So, if you can help breach that in some shape or form, you become their best friend. So, at the end of the day for us to rather than go look at the VPs and that level, is go and look at the guys who need to make their money. That ended up being one of the biggest things that made us successful in that standpoint. Getting guidance from Rick and say, "What do we do here? How do we get there?" That made a big difference and then helped figuring out some of those as well.

:Audience (Q&A)

Just to add to what Manoj was saying, I'm Brian McDonald at Cisco and Manoj has referred to me a couple of times. So, I wanted to share just some color from the Cisco side working with, at the time, Circle24 and then LiteScape. Using your dating analogy here with the event, in a dating scenario, you really need to both bring something to the table and that has been mentioned often.

So, Circle24 later, LiteScape, Manoj have done a lot of due diligence around IP telephony. I was managing legal vertical at the time and we identified, as what has pointed out, really to kind of a key paying points. We identified that the killer application within legal is time and billing. The key paying points are reducing the cost. So, certainly, converged voice video, data network, help law firms and then productivity benefits. Squarely and underneath that was time and billing.

So, together with Manoj, we looked at this. I had some understanding, Manoj had a lot of understanding. As it has been pointed out, I had…I'm not going to say a quota…but we had to bring in revenue for that legal vertical. So, I was highly motivated and we put an architecture together, showed the integrated solution. There was the logo with LiteScape. Then we went through very methodically, "Here's the top 100 law firms in the US," called on them. If the value proposition was such that we needed to have Manoj go there, he's on the next plane to Louisiana, things like that, and Chicago.

Somebody on his team that rolled up his sleeve, Manoj, that would go do the in stock. So, because of that, legal became one of the top three voice verticals for Cisco early on; it was a beach head. We're able to then replicate that success and understanding at some of the other verticals. This was kind of pre finding and things like that. But, the quid pro quo is that I think we're able to help LiteScape get some deals. Then clearly, it helps Cisco get traction and be able to replicate success across other verticals. So, I just wanted to add that color.

Kevin Ichhpurani (SAP):

On the topic of cultural, it's very important to understand the unique aspects of a company's culture and how they make decisions. So, as an example SAP, we have very much a German culture which is not the classic American top down autocratic decision making. It's very much consensus driven. So, much like Rick mentioned, not working with the alliance teams but really making sure that you get all of the different decision makers onboard because we very much operate in a consensus driven environment where you need to get the product teams. They could be the industry product teams, the horizontal product teams, the field teams.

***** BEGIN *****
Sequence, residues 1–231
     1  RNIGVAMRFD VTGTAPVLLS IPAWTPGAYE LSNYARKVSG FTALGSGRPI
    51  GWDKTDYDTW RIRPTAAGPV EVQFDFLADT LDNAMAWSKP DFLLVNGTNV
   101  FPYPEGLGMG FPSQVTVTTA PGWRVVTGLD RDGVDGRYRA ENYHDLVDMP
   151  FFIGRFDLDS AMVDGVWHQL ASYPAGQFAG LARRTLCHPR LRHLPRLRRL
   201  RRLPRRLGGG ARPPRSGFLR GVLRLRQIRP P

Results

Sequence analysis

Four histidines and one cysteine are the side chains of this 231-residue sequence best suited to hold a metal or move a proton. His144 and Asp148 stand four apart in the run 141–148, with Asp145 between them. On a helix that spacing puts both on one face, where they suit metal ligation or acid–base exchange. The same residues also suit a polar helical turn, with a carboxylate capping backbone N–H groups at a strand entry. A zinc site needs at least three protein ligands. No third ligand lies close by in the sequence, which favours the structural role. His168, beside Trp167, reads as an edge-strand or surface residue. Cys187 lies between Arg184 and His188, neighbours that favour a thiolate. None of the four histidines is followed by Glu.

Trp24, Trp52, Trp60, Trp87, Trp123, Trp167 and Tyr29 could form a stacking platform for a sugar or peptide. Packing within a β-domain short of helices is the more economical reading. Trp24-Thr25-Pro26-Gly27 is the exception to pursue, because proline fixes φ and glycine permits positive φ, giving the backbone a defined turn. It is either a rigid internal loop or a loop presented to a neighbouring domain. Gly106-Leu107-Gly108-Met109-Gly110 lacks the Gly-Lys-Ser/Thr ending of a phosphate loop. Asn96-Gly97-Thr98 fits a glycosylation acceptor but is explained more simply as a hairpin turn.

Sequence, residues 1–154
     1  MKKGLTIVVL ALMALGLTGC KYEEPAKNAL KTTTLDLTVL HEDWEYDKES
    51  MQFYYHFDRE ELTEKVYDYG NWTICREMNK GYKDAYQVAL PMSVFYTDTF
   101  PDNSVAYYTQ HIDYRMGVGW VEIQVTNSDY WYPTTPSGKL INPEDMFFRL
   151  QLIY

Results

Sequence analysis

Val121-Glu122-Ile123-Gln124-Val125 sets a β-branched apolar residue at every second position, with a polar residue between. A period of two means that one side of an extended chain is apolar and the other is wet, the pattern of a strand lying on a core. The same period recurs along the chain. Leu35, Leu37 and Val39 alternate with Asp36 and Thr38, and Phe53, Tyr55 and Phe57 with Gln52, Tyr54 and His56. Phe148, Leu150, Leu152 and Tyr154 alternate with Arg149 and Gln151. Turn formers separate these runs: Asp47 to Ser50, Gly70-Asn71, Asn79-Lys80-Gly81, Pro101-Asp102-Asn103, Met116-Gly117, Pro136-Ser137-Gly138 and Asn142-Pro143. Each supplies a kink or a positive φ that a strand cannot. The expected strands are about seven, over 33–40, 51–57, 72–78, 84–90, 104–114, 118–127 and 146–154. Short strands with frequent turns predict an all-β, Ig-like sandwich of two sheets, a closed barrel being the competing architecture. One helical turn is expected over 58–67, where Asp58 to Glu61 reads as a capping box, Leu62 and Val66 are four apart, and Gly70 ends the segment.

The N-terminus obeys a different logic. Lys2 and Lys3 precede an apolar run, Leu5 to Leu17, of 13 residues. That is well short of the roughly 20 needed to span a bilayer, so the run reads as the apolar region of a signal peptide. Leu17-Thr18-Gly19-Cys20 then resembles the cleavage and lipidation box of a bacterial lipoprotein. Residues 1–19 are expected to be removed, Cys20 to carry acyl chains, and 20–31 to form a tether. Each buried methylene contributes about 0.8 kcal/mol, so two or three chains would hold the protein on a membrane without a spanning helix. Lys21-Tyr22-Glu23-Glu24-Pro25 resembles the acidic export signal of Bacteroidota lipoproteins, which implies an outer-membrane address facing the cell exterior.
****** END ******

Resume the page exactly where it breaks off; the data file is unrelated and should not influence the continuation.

All around the globe, getting everybody on your side, it's a complex web of relationships and making sure that you get all of these various stakeholders on board. This takes time. Oftentimes, you may need to veer of the revenue track in the short term and that is finding out what other priorities a company has. So, as an example, one of the priorities that's important to us is our emerging technologies and getting companies to adopt that. 

So, you may see an immediate opportunity of wanting to work with our field sales organization, but in order to be able to build a relationship, leveraging the latest technology, becoming a showcase for us, getting visibility, being on stage, that will then get you visibility with all the key decision makers and you can get things to the next level. So, often times, it's very important to not only look at what you core objective is, but understanding what are other things I can do to start to build a relationship with the company that may not help you with your short term goal but will help with you in the long term, goal.

Audience (Q&A):

 [inaudible] and everyone's talked about [inaudible] they're a big company or a small company is [inaudible] board member act [inaudible] SAP as far as the revenue solves all problems. It's not that you're a start-up, it's just critical. You get the customers, the customer [inaudible] and get the revenue off. The question I have is, $1 million for LiteScape is probably a lot of money. I don't know if you're $10 million is a lot of money for other start-ups. But for Cisco or SAP, [inaudible] a whole lot. So, kind of my question is for Cisco and SAP, when you're looking at a alliance partnerships, what type of revenue is [inaudible] or talk to your partners that you're in lower tier and you guys [inaudible] by revenue member and also to keep things offstage. I mean, you wouldn't [inaudible].